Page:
Bass also pledged that the policing reform bill would soon make its way to Joe Biden’s desk. “What is important is that when it reaches President Biden’s desk that it is a substantive piece of legislation, and that is far more important than a specific date,” Bass said. “We will work until we get the job done. It will be passed in a bipartisan manner.”

Floyd’s family members will soon meet with Biden at the White House, and they will later sit down with Booker and Scott as well.

Updated

George Floyd’s family has arrived on Capitol Hill for meetings with lawmakers, as members of Congress continue to negotiate over a policing reform bill.

Asked what the family’s message is to lawmakers, civil rights attorney Benjamin Crump told reporters, “Pass the George Floyd Justice in Policing Act.”

Julie Tsirkin
(@JulieNBCNews)

The family of George Floyd arrives at the Capitol before multiple meetings with lawmakers.

I asked what their message is to those negotiating police reform, one year after Floyd’s murder.@AttorneyCrump: “To pass the George Floyd Justice in Policing Act.” pic.twitter.com/vnSRAWVFCu

May 25, 2021

The Floyd family will first meet with House speaker Nancy Pelosi and congresswoman Karen Bass, who is working on reaching a bipartisan deal on the policing bill.

The family will later meet with Democratic Senator Cory Booker and Republican Senator Tim Scott, who are also involved in the negotiations over the bill.

Julia Carrie Wong

On 25 May 2020, a man died after a “medical incident during police interaction” in Minneapolis, Minnesota. The man was suspected of forgery and “believed to be in his 40s”. He “physically resisted officers” and, after being handcuffed, “appeared to be suffering medical distress”. He was taken to the hospital “where he died a short time later”.

It is not difficult to imagine a version of reality where this, the first police account of George Floyd’s brutal death beneath the knee of an implacable police officer, remained the official narrative of what took place in Minneapolis one year ago. That version of reality unfolds every day. Police lies are accepted and endorsed by the press; press accounts are accepted and believed by the public.

That something else happened – that it is now possible for a news organization to say without caveat or qualification that Derek Chauvin murdered George Floyd – required herculean effort and extraordinary bravery on the part of millions of people.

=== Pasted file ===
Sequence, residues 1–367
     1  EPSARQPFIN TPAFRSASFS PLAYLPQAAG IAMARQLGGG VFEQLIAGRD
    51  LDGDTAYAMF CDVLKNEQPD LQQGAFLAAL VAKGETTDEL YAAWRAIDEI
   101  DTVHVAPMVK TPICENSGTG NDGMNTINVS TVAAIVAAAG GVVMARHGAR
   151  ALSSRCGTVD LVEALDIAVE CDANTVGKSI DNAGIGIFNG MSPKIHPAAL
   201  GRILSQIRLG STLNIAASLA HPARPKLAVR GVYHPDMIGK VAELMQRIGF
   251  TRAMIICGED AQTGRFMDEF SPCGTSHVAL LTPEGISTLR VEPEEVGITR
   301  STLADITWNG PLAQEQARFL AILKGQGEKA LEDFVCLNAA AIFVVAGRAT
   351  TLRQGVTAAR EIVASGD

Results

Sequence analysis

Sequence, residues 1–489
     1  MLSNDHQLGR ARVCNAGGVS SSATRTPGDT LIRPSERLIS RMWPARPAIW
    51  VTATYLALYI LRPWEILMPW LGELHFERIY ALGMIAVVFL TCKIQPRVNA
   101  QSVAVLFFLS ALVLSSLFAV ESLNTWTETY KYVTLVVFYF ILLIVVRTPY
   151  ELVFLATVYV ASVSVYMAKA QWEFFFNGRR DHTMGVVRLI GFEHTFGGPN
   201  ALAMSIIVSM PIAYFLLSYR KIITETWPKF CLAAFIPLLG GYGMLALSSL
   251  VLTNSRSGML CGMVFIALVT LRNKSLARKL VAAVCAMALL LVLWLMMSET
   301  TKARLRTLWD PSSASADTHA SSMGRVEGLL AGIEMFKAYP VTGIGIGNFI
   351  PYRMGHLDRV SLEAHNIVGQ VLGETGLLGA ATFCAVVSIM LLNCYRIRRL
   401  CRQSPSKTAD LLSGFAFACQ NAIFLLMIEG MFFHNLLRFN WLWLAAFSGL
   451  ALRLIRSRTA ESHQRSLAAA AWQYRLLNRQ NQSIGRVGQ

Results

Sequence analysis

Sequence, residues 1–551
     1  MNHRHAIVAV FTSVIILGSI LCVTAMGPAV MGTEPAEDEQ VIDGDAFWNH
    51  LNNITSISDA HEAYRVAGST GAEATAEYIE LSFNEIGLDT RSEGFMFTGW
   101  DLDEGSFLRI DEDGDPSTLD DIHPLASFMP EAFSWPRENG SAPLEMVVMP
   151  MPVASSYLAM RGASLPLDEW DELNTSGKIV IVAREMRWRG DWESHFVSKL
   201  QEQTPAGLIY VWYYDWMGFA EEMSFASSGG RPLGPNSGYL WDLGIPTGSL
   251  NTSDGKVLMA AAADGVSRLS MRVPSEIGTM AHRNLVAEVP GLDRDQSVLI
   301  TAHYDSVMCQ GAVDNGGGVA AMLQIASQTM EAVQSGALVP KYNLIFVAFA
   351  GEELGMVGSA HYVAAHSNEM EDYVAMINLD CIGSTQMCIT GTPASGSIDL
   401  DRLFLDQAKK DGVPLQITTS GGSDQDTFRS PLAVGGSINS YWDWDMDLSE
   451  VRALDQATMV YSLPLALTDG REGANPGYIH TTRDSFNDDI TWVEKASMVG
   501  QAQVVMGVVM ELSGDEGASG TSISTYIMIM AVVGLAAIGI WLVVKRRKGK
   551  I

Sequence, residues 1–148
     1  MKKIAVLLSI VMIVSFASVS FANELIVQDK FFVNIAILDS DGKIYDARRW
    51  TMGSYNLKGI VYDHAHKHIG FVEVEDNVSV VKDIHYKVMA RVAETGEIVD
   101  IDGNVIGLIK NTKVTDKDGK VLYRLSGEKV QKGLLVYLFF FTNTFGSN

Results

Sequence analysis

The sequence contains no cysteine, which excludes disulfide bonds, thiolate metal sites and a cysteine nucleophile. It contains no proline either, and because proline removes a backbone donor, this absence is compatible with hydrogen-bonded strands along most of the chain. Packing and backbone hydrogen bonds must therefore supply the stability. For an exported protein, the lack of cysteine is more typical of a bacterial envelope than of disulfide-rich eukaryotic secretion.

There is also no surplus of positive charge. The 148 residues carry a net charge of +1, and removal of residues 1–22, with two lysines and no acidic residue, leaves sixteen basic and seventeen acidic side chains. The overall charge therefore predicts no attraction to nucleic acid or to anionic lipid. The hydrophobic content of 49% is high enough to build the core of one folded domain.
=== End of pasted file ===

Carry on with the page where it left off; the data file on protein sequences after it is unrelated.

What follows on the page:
The laborious project of establishing truth in the face of official lies is one that Americans embraced during the racial reckoning of the summer of 2020, whether it was individuals speaking out about their experiences of racism at work, or institutions acknowledging their own complicity in racial injustice. For a time, it seemed that America was finally ready to tell a more honest, nuanced story of itself, one that acknowledged the blood at the root.

But alongside this reassessment, another American tradition re-emerged: a reactionary movement bent on reasserting a whitewashed American myth. These reactionary forces have taken aim at efforts to tell an honest version of American history and speak openly about racism by proposing laws in statehouses across the country that would ban the teaching of “critical race theory”, the New York Times’s 1619 Project, and, euphemistically, “divisive concepts”.

Read the Guardian’s full report on this alarming trend:

Barack Obama reflected on the one-year anniversary of George Floyd’s murder, saying he is hopeful about the progress he has seen over the past year to combat racism in America.

“George Floyd was murdered one year ago today. Since then, hundreds more Americans have died in encounters with police—parents, sons, daughters, friends taken from us far too soon. But the last year has also given us reasons to hope,” the former president said in a tweet thread.

Barack Obama
(@BarackObama)

George Floyd was murdered one year ago today. Since then, hundreds more Americans have died in encounters with police—parents, sons, daughters, friends taken from us far too soon. But the last year has also given us reasons to hope.

May 25, 2021

Obama added, “Today, more people in more places are seeing the world more clearly than they did a year ago. It’s a tribute to all those who decided that this time would be different—and that they, in their own ways, would help make it different.

“When injustice runs deep, progress takes time. But if we can turn words into action and action into meaningful reform, we will, in the words of James Baldwin, ‘cease fleeing from reality and begin to change it.’”

Obama’s words come as lawmakers continue to negotiate over the George Floyd Justice in Policing Act, which passed the House in March but has now stalled in the Senate.

Joe Biden, who will meet with Floyd’s family this afternoon, had originally said he hoped to sign the bill by today’s anniversary, but lawmakers have not yet reached a deal on the legislation.